Within the metal and steel industries, few themes are more important than quality assurance. There are several important areas here for both manufacturers and buyers, and one of these that’s applicable across numerous types is known as a mill test report.
At Wasatch Steel, we’re happy to provide clients with mill test reports and numerous other documentation methods that ensure the highest quality for all our steel products. What is a mill test report (MTR), why is it important to view in many metal or steel purchase situations, and what are some of the key elements you’ll see on these reports if you request one from a manufacturer? This two-part blog series will dig into these concepts and more.
Because there are several distinctly different parties involved in metal manufacturing, distribution and sales, the industry as a whole requires a broad set of checks and balances for quality standards. Mill test reports are one such system often used.
Through several areas of standardization and connection, they allow for the production processed to be organized and straightforward. This includes not only manufacturers and distributors, but also customers as well. In many cases, metal manufacturers and related businesses will earn valuable ISO certification based in large part on their adherence to MTR protocols.
Our next several sections will go over the kinds of things you can expect to see on a mill test report.
For starters, the MTR will contain a simple product description that allows the customer a broad overview of their desired product. This will include all the simplest characteristics involved, such as precise dimensions, temper, thickness, hardness, elasticity, finish and any alloys involved in the manufacturing.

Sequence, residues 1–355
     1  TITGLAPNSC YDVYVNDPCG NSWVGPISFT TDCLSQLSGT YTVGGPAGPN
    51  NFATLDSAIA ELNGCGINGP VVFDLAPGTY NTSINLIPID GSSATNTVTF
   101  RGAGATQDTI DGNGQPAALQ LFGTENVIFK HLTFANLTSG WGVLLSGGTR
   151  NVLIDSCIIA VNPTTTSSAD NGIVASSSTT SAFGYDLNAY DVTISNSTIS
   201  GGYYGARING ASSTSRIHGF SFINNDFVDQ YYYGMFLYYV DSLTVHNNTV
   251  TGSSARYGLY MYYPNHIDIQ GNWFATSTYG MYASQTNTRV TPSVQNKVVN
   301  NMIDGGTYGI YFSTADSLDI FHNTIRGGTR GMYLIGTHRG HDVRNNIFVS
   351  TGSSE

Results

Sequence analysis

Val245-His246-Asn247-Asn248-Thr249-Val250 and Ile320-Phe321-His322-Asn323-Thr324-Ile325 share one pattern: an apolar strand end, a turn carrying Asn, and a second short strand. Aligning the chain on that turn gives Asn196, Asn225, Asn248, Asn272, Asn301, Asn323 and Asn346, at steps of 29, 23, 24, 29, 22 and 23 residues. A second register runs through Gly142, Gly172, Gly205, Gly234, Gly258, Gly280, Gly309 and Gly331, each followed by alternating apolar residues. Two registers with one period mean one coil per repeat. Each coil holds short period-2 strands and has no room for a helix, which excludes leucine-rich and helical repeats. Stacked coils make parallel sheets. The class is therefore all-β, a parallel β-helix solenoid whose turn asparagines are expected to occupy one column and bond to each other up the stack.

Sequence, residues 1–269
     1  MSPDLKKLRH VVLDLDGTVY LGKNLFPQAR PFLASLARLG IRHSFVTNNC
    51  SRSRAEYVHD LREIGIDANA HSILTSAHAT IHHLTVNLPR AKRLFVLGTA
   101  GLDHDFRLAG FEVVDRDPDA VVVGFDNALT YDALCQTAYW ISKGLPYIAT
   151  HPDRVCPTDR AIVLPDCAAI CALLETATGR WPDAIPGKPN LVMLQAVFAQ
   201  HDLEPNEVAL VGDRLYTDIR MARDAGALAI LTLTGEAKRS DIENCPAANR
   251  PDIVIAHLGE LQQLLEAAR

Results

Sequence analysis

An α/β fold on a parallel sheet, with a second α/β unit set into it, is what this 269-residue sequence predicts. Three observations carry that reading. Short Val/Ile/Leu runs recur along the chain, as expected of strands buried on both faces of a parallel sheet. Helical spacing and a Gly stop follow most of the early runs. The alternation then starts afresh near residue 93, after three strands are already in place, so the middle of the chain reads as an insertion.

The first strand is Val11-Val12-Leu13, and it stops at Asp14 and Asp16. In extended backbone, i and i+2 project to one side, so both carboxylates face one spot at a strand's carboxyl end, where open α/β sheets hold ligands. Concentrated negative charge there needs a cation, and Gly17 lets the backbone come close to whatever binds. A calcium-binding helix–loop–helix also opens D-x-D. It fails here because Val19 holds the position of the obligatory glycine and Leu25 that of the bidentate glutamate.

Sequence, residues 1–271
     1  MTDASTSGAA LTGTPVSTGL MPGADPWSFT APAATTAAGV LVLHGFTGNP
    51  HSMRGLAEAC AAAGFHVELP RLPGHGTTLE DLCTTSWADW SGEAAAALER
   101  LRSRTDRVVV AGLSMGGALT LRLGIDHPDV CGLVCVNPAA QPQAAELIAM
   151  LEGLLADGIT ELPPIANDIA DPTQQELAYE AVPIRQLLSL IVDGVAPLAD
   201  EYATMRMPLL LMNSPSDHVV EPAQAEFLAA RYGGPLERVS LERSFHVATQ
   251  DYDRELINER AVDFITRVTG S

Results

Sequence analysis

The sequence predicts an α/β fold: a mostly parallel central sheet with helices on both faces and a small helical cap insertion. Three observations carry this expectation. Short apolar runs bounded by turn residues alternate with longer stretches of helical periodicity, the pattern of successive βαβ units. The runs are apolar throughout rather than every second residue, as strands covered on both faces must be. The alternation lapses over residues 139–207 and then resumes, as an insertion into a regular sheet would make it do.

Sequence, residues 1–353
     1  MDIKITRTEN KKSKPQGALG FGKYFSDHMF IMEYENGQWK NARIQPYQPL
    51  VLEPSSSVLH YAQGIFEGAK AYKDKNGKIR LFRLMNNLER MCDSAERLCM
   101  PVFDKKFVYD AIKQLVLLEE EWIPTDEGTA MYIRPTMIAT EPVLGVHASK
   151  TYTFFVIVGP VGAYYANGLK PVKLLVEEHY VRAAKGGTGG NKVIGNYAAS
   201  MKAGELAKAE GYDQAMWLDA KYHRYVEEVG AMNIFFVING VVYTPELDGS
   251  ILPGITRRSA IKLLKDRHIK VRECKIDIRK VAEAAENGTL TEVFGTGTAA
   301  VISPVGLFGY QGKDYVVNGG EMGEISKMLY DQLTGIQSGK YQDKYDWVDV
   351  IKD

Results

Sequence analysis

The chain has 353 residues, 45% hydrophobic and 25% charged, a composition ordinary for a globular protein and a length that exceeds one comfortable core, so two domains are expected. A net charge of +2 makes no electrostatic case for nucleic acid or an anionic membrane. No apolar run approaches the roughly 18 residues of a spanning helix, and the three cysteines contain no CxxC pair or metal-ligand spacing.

In addition, the product description section will allow for any certifications involved. These may include ANSI, ASME and others.
In many metal and steel manufacturing processes, some kind of alloy will be utilized. In such cases, the MTR will go a bit deeper on the alloy being used.
Such alloys may include aluminum, copper, bronze or many others with potential benefits for the primary metal in question. These are often used to add hardness, improve corrosion resistance or otherwise alter the chemical properties of a given metal as it currently sits. The MTR will discuss each individual alloy in detail, ensuring not only that it’s the proper choice for this application, but also that it falls within the proper product specification range as required by the manufacturer.
For more on reading and understanding mill test reports for your metal or steel, or to learn about any of our steel bar, plate, sheet or other steel services, speak to the staff at Wasatch Steel today.